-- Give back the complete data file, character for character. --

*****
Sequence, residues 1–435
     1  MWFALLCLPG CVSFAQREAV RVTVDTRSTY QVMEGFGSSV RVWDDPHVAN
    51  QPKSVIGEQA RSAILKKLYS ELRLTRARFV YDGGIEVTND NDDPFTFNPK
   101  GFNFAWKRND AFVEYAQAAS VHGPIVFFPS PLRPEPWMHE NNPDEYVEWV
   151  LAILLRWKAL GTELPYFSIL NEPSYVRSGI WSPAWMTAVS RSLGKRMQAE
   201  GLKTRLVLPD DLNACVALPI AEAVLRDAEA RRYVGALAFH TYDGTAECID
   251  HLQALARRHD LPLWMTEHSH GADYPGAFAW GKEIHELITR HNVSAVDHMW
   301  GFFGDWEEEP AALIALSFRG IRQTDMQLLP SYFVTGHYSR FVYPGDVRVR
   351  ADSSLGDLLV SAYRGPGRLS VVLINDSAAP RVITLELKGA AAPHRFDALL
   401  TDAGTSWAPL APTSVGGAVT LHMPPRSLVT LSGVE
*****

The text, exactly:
Sequence, residues 1–435
     1  MWFALLCLPG CVSFAQREAV RVTVDTRSTY QVMEGFGSSV RVWDDPHVAN
    51  QPKSVIGEQA RSAILKKLYS ELRLTRARFV YDGGIEVTND NDDPFTFNPK
   101  GFNFAWKRND AFVEYAQAAS VHGPIVFFPS PLRPEPWMHE NNPDEYVEWV
   151  LAILLRWKAL GTELPYFSIL NEPSYVRSGI WSPAWMTAVS RSLGKRMQAE
   201  GLKTRLVLPD DLNACVALPI AEAVLRDAEA RRYVGALAFH TYDGTAECID
   251  HLQALARRHD LPLWMTEHSH GADYPGAFAW GKEIHELITR HNVSAVDHMW
   301  GFFGDWEEEP AALIALSFRG IRQTDMQLLP SYFVTGHYSR FVYPGDVRVR
   351  ADSSLGDLLV SAYRGPGRLS VVLINDSAAP RVITLELKGA AAPHRFDALL
   401  TDAGTSWAPL APTSVGGAVT LHMPPRSLVT LSGVE